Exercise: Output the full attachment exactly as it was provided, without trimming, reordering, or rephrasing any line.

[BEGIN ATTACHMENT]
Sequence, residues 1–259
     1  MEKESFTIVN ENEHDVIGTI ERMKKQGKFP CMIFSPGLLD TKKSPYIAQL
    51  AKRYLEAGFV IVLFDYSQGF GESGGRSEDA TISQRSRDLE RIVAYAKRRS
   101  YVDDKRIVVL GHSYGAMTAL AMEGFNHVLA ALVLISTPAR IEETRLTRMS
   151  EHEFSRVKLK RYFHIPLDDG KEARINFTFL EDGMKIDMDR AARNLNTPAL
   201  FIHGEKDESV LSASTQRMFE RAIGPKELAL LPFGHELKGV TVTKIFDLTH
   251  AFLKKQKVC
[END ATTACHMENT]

Sequence, residues 1–259
     1  MEKESFTIVN ENEHDVIGTI ERMKKQGKFP CMIFSPGLLD TKKSPYIAQL
    51  AKRYLEAGFV IVLFDYSQGF GESGGRSEDA TISQRSRDLE RIVAYAKRRS
   101  YVDDKRIVVL GHSYGAMTAL AMEGFNHVLA ALVLISTPAR IEETRLTRMS
   151  EHEFSRVKLK RYFHIPLDDG KEARINFTFL EDGMKIDMDR AARNLNTPAL
   201  FIHGEKDESV LSASTQRMFE RAIGPKELAL LPFGHELKGV TVTKIFDLTH
   251  AFLKKQKVC